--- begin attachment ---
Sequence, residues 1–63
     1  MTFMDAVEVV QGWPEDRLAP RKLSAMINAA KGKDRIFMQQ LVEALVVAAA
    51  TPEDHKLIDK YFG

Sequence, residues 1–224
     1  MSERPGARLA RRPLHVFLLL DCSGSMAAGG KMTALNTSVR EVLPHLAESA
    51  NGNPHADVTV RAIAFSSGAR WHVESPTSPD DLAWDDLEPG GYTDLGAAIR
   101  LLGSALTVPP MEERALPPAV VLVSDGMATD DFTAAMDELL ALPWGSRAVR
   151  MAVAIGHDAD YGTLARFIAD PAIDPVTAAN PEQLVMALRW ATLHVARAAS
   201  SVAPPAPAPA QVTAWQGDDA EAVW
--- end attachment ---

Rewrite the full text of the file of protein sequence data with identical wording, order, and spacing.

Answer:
Sequence, residues 1–63
     1  MTFMDAVEVV QGWPEDRLAP RKLSAMINAA KGKDRIFMQQ LVEALVVAAA
    51  TPEDHKLIDK YFG

Sequence, residues 1–224
     1  MSERPGARLA RRPLHVFLLL DCSGSMAAGG KMTALNTSVR EVLPHLAESA
    51  NGNPHADVTV RAIAFSSGAR WHVESPTSPD DLAWDDLEPG GYTDLGAAIR
   101  LLGSALTVPP MEERALPPAV VLVSDGMATD DFTAAMDELL ALPWGSRAVR
   151  MAVAIGHDAD YGTLARFIAD PAIDPVTAAN PEQLVMALRW ATLHVARAAS
   201  SVAPPAPAPA QVTAWQGDDA EAVW